Hey I'm Lee. My blog was put up to house my strange thoughts, ramblings, nuggets of information I can refer back to and document my learning curves on new dev stuff and fitness regimes.

All thoughts and comments on here are my own, and in no way reflect my employer - I also take no responsibility for spelling, grammar, terminology, accuracy of facts etc... So read at your own risk!

Extending The Google Maps Property Editor In Umbraco V5

In the previous blog post we created a fairly simple Google maps property editor, but as we all know when creating property editors/datatypes things are never as clean cut as that and you have the need for things like prevalues to configure you property editor/datatype and maybe even doing some sort of custom logic before Umbraco saves the values from your editor.

So I thought even though the previous Google map property editor is working, and is fully functional as is - We might as well cover some of these scenarios and extend it… And as you will have seen so far, its so easy to do!

Change Values Before Save

There may be occasions where you need to edit or tweak the values of your property editor before Umbraco serializes them, and saves them to the DB.  So to show an example of this I thought I would add a new hidden field, which before the values are saved would concatenate the longitude and latitude into a format like so '51.5454, -41.25668' so we can use it directly in the JavaScript in the front end and not have to worry about getting individual values.

Lets first open up our 'GoogleMapEditorModel.cs' and add a new hidden field.

        [HiddenInput(DisplayValue = false)]
        public string LatLongCombined { get; set; }

That's it, we have somewhere to store this value - Now we just need to override an inbuilt method called 'GetSerializedValue' which will allow us to change and edit values before they are saved. So under our newly added 'LatLongCombined' property in your code add the following:

        public override IDictionary<string, object> GetSerializedValue()
        {
            if (Lat != null && Long != null)
            {
                LatLongCombined = string.Concat(Lat, ", ", Long);
            }
            return base.GetSerializedValue();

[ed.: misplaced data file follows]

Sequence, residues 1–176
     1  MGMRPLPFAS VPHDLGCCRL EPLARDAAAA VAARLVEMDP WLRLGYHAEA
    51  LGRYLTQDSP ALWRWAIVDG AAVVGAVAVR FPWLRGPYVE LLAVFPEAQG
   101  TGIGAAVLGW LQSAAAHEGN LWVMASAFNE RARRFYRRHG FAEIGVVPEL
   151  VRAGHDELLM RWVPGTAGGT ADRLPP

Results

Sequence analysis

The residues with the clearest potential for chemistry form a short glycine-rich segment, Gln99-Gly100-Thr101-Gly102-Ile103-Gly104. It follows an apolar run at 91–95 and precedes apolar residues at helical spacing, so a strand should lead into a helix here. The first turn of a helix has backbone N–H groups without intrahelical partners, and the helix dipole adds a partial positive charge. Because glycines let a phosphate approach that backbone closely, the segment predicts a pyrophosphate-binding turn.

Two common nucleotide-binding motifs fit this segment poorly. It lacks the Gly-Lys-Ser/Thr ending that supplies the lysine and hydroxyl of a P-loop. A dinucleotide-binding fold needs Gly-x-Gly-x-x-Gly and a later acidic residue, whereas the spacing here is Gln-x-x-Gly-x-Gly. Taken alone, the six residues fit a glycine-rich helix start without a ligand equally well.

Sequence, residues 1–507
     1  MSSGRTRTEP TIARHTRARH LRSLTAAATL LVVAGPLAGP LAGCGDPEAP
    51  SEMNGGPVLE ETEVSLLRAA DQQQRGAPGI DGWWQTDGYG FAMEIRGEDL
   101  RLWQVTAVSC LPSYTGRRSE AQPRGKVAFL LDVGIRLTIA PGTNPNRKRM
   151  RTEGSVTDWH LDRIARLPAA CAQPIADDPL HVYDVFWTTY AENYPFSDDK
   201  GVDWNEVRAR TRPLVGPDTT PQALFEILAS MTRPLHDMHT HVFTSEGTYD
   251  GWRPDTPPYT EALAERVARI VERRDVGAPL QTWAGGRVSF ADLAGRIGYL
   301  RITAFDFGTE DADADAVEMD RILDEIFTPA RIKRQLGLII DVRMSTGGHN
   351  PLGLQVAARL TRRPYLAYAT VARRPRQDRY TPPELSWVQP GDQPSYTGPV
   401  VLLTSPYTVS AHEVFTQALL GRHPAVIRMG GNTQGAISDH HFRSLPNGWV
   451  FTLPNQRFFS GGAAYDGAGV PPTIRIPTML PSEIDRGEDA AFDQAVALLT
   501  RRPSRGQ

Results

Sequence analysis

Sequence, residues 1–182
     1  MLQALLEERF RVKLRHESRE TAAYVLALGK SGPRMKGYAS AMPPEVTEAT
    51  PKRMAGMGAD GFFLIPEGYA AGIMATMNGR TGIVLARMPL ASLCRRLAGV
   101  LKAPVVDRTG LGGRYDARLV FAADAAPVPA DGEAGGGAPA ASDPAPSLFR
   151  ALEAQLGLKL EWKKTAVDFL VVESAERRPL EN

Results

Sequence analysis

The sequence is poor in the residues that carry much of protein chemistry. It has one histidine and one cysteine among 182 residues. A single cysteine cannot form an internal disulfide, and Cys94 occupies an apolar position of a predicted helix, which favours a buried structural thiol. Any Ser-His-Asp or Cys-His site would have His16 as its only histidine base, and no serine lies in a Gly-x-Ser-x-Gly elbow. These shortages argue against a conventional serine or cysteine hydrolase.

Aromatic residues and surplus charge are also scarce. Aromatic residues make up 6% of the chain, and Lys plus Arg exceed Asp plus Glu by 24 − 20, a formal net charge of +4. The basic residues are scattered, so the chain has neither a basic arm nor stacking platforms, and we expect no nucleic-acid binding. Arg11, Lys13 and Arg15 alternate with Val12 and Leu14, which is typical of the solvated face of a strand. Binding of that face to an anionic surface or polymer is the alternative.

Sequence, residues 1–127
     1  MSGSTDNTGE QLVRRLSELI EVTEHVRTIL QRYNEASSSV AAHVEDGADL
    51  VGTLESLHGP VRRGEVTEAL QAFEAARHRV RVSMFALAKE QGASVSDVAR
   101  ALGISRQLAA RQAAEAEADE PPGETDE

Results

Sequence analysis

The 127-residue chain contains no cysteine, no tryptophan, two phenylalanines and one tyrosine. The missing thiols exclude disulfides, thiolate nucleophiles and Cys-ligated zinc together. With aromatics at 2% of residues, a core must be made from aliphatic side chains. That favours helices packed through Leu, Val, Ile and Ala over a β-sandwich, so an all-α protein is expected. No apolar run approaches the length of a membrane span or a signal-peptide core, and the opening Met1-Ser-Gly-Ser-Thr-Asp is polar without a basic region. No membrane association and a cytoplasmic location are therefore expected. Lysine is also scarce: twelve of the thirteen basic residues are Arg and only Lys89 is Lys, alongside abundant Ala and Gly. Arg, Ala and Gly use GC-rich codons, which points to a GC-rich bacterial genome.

}

As you can see we are just concatenating the other property values into the format we want and saving them to the new property, but you could do anything in here really? Maybe call an external web service or do more complex logic dependant on your needs.

Obviously we can now update our homepage razor code to reflect this by removing the var lat & long we initially added and update the following line of the JavaScript to (Don't forget to actually load the backend first and save and publish the home page or you'll get a key error in the front end)

var myLatlng = new google.maps.LatLng(@Html.Raw(Model.Field<string>("gMap", "LatLongCombined").ToString()));

As the meercat would say.. Simples..

Adding PreValues

For more complex property editors that might require Api keys or lots of configuration settings, prevalues are a must - And again the v5 team have made it super easy to do this using the same principles as the actual editor itself using a Model to scaffold/dictate your UI.  You just create a class as you did for the EditorModel again keeping a naming convention like so 'GoogleMapPreValueModel.cs' appending PreValueModel at the end.  Create this file and add the following code, as you can see its almost exactly the same as the EditorModel apart from we inherit from 'PreValueModel' instaead of 'EditorModel'

using System;
using System.Collections.Generic;
using System.ComponentModel;
using System.ComponentModel.DataAnnotations;
using System.Linq;
using System.Text;
using Umbraco.Cms.Web.Model.BackOffice.PropertyEditors;

namespace Umbraco.Cms.Web.PropertyEditors.GoogleMap
{
    public class GoogleMapPreValueModel : PreValueModel
    {
        [Required(ErrorMessage = @"Zoom level missing")]
        [DisplayName(@"Set the initial zoom level of your map")]
        public int GoogleMapZoomLevel { get; set; }
    }
}